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Why are the Thunder shooting better from three?

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Hot shooting has been the key to OKC’s five game win streak

NBA: Milwaukee Bucks at Oklahoma City Thunder Alonzo Adams-USA TODAY Sports

Since the turn of the new year, the Thunder have experienced some highs and lows. In the month of January, Oklahoma City is 8-5, including a five game win streak, but that was preceded by losing five out of six games, a number of which were to lottery teams.

One of the main factors in getting back to their winning ways has been the Thunder are shooting better from the floor. All season Oklahoma City has ranked near the bottom in three point percentage, but that has recently begun to reverse itself.

However, lately that has not been the case. Over their last five games, the Thunder are shooting 48 percent from the field and 45 percent from three while averaging over 121 points per game during this win streak.

Both the 45 percent from three and 121 points per game would rank first in the NBA. This sudden trend of great shooting has catapulted Oklahoma City into the top four scoring offenses.

Good three point shooting teams are characterized by two factors: shots created at consistent spots, and the shots are being taken by consistent shooters.

Where are the shots coming from?

1) Shots created off the high pick and roll

The majority of the Thunder’s shots this season are coming from the paint and top of the key. The Thunder have taken nearly 1,500 threes this season (31 attempts per game), and nearly 300 have came from the top of the key. Meaning the ball handler often is coming off the screen and shooting before the helping big steps up. However, OKC is well below league average on these attempts:

However, over the past 10 games, even with the uneven play, the Thunder, and specifically Paul George and Terrance Ferguson, have been on a tear from the wings:

2) Transition

The Thunder are doing a great job of finding shooters in transition. Those ahead on the break are looking back for trailing shooters, a method popularized by the Warriors and Rockets.

Here’s a perfect example:

3) The corner three

Statistically one of the highest value shots on the floor, the corner three is something OKC has struggled to generate in the past.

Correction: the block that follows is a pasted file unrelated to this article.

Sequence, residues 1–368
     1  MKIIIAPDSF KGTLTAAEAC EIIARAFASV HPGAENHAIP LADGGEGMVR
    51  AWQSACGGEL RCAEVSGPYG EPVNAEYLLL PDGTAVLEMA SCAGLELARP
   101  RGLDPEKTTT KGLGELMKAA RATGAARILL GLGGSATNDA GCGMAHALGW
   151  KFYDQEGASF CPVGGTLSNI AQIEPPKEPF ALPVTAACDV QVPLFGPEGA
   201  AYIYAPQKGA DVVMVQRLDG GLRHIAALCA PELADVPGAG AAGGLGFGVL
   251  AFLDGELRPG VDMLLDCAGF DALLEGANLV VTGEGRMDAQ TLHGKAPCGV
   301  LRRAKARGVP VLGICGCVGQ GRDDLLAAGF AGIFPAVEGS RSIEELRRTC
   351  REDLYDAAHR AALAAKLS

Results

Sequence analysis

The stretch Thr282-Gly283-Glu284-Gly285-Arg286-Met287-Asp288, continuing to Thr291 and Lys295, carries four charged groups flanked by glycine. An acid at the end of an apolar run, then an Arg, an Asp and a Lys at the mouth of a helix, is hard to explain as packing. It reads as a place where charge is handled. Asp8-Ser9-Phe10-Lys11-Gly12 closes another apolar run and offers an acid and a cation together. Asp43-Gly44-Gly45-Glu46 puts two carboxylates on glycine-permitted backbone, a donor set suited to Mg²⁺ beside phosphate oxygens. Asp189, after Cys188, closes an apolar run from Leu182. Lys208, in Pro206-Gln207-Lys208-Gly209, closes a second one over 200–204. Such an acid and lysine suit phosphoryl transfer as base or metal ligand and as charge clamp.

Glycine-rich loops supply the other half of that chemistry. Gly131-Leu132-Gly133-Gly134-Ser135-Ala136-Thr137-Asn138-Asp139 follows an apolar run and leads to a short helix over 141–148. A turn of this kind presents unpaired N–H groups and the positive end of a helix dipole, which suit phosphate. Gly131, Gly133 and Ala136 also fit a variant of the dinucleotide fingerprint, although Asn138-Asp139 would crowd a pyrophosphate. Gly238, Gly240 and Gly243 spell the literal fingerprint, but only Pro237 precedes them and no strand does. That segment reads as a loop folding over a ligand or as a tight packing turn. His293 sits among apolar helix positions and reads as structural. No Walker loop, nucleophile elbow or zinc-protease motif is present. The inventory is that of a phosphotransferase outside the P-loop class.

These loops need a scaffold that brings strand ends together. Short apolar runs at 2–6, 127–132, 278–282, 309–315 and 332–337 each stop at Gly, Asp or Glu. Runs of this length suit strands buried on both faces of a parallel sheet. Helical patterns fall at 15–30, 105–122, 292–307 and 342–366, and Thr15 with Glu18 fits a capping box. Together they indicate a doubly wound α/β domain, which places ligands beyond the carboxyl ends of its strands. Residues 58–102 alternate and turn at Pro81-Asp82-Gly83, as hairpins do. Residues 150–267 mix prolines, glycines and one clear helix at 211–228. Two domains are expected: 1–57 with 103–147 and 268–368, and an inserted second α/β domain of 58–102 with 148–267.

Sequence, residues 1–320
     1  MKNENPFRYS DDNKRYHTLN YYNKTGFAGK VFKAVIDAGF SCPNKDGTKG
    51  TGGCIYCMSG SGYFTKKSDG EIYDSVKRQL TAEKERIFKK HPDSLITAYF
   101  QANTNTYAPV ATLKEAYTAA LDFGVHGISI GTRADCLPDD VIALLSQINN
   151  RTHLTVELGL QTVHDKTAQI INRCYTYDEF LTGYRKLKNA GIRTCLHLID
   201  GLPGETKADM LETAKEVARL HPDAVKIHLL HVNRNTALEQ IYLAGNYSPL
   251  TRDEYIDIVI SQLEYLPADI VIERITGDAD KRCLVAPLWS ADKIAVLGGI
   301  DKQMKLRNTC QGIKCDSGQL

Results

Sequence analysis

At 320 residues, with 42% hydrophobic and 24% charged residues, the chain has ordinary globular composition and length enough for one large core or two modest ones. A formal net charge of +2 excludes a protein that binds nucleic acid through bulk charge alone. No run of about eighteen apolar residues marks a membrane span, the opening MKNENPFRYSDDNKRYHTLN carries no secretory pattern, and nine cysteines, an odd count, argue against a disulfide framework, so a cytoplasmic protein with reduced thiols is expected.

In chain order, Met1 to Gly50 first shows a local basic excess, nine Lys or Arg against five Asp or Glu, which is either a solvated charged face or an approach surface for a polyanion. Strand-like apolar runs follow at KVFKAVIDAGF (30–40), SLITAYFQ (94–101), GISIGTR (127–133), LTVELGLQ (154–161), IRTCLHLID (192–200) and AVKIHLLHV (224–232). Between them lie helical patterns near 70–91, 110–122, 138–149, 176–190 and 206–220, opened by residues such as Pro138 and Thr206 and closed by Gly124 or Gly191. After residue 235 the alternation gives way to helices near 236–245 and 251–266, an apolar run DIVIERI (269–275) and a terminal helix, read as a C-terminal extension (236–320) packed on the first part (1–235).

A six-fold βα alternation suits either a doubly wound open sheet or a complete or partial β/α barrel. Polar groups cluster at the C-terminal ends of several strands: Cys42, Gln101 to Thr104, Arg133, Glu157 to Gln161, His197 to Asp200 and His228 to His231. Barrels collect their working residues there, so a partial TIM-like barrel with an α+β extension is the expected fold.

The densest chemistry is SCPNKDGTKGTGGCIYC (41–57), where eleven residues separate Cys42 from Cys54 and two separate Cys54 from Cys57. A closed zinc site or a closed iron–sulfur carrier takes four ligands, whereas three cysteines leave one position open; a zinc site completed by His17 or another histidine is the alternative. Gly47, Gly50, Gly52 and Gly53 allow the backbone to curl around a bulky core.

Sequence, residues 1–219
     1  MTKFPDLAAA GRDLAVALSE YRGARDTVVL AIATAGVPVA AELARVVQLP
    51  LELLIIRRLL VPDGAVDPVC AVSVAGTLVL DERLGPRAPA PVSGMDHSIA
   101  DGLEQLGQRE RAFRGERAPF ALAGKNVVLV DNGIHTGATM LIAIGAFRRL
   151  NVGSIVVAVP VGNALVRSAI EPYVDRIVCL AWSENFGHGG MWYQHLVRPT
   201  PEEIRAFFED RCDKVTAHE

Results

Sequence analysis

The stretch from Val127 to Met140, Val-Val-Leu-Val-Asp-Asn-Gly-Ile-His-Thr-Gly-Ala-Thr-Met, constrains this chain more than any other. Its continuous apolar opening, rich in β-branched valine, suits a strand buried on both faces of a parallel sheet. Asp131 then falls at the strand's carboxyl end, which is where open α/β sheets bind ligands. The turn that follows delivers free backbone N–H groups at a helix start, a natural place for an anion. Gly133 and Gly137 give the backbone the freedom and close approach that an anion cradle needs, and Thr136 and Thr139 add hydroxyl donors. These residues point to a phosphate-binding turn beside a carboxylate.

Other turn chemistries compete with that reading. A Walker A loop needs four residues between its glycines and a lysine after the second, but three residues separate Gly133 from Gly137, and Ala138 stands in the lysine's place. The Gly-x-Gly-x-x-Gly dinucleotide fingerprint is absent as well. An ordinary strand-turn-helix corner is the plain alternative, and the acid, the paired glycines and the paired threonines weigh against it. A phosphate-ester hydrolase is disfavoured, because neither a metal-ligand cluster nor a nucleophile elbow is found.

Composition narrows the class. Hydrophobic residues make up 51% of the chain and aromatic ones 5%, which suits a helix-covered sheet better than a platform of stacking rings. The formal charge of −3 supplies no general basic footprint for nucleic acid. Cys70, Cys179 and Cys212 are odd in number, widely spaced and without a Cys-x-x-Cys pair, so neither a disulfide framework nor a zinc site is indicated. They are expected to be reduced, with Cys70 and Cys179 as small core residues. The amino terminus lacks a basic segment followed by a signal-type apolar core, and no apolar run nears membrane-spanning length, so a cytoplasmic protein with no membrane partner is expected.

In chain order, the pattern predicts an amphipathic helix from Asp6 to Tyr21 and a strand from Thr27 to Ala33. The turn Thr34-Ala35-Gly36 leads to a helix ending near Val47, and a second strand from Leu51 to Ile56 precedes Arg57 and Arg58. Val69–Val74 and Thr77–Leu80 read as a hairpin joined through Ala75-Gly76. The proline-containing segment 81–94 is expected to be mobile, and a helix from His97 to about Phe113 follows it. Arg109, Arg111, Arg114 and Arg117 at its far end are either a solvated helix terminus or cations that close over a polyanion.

But recently, the corner threes are a big reason why Terrance Ferguson has made a lot of threes recently. In the last 10 games, Ferguson has made 32 three pointers, and shot 51 percent on those threes.

The Paul George Effect

As we all know Paul George is prolific scorer, who can score efficiently from anywhere on the floor. George leads the Thunder in three points attempted and three pointers made by a significant margin. Of 428 three pointer taken, George has made 172, a 40 percent clip. He is currently 3rd in made threes this season, behind James Harden (224) and Stephen Curry (203).

A lot of George’s points tend to come from him isolation plays. This is shown most in the areas of the court where he shoots the most. George favors isolating on the right half of the court.

Here is a visual of the area of the court George likes to operate:

And here is what George has done over the past 10 games:

Without the shooting production of George and Ferguson of late, the Thunder’s shooting stats would look similar to the 2016-2017 season. Where they were a league’s worse in three point percentage at 32 percent. But with this turnaround, not only have the Thunder found offense that was missing early on this season, it has helped reverse their most recent skid.


Do you think the Thunder’s three point shooting over the past 4 weeks is sustainable?

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